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Some photographers pose their subjects, others capture people in candid moments. Sometimes, it's hard to tell the difference.

Subway Portrait

Walker Evans
(American, 1903–1975)

1941. Gelatin silver print, 6 15/16 x 7 1/2" (17.6 x 19.1 cm)

As photographic technology advanced—cameras became more portable and film more sensitive to light, requiring shorter exposure times—people were no longer required to stay still for pictures. Walker Evans was among the photographers who capitalized on this flexibility. Between 1938 and 1941, he took his camera underground, where he photographed subway riders in New York City. “The guard is down and the mask is off,” he wrote, “even more than when in lone bedrooms (where there are mirrors). People’s faces are in naked repose down in the subway.”1

In order to discreetly capture these candid Subway Portraits, Evans came up with an undercover method of taking photographs. He concealed his 35-millimeter Contax camera by painting its shiny chrome parts black and hiding it under his topcoat, with only its lens peeking out between two buttons. He rigged its shutter to a cable release, whose chord snaked down his sleeve and into the palm of his hand, which he kept buried in his pocket. For extra assurance, he asked his friend and fellow photographer Helen Levitt to join him on his subway shoots, believing that his activities would be less noticeable if he was accompanied by someone. With these methods, Evans managed to capture people immersed in conversation, reading, or seemingly lost in their own thoughts and moods. His subjects’ faces display a range of emotions. He also succeeded in accomplishing a difficult challenge in making truly unposed portraits.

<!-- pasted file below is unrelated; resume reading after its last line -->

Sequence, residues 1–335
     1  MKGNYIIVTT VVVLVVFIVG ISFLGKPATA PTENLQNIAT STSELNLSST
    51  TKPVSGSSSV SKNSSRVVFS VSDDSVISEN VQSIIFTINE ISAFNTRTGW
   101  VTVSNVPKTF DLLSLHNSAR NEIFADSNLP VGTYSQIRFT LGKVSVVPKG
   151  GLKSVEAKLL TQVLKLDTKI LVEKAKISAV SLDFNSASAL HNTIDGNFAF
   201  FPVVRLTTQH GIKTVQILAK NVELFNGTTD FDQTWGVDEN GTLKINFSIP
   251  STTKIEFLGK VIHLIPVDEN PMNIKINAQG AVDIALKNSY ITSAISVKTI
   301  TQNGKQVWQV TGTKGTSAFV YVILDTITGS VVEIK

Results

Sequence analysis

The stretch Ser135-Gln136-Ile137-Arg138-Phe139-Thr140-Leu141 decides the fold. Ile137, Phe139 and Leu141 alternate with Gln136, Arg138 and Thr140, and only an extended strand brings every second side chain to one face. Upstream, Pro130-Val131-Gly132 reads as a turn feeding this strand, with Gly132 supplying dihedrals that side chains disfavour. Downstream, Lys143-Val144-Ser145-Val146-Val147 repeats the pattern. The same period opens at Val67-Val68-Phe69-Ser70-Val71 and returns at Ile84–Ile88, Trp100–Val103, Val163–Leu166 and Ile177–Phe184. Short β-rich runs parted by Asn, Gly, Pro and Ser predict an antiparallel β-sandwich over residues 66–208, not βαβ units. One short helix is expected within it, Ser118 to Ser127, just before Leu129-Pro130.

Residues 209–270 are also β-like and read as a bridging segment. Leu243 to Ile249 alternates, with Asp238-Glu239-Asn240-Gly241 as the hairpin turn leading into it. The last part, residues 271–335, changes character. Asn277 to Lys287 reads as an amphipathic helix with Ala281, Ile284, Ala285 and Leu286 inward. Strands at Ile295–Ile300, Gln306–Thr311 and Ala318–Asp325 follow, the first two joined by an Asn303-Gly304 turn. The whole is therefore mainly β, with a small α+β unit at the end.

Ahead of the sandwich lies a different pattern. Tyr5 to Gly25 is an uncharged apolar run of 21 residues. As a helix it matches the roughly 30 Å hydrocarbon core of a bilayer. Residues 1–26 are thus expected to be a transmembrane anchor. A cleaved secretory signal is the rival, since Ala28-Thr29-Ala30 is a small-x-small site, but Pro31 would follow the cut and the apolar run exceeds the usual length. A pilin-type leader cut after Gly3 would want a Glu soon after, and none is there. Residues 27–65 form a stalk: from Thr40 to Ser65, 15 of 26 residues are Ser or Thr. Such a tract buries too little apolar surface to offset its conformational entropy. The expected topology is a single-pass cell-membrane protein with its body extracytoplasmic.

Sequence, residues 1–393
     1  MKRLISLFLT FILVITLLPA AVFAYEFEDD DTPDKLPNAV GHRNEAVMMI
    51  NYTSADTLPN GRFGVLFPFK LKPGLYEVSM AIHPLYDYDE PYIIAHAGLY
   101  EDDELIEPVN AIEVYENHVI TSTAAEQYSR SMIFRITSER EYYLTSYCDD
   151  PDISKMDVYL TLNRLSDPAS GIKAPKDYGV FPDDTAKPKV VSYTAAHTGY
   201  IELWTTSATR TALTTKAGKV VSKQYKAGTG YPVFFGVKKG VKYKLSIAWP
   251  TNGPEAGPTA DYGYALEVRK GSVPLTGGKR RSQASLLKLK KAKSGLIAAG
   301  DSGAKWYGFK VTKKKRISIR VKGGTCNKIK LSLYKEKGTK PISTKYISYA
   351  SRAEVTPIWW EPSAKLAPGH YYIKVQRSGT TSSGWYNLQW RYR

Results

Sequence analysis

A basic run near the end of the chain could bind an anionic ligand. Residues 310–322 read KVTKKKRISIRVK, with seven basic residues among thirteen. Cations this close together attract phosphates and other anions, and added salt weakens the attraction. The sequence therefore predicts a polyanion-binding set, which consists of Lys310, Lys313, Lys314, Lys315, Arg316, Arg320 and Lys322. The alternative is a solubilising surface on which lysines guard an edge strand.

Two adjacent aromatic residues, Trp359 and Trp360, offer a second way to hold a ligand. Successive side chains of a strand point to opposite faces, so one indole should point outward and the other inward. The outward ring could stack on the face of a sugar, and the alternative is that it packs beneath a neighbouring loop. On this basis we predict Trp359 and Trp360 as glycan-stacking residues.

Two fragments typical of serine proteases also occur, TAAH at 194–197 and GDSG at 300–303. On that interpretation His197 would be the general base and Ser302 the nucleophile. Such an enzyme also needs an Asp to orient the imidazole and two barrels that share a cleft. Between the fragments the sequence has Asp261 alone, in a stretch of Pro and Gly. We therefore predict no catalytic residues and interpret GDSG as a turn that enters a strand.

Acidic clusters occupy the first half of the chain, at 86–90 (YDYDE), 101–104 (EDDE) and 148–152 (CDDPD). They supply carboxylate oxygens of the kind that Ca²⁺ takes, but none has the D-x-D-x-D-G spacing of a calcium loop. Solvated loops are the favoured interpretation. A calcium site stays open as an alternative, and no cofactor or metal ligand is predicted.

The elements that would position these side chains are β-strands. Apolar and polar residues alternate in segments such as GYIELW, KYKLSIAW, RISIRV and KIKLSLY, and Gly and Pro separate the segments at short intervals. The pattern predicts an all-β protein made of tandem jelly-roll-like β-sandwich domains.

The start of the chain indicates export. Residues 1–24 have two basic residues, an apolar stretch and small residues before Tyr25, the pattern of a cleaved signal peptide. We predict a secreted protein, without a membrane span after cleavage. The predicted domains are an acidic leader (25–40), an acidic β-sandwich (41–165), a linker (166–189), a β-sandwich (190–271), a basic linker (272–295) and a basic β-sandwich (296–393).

Walker Evans, quoted in Belinda Rathbone, Walker Evans (Boston: Houghton Mifflin, 1995), 170–71.

One who uses a camera or other means to produce photographs.

The visual or narrative focus of a work of art.

A mechanical device for controlling the aperture, or opening, in a camera through which light passes to the film or plate. By opening and closing for different amounts of time, the shutter determines the length of the photographic exposure.

A representation of a particular individual, usually intended to capture their likeness or personality.

A state of mind or emotion, a pervading impression.

The action of exposing a photographic film to light or other radiation.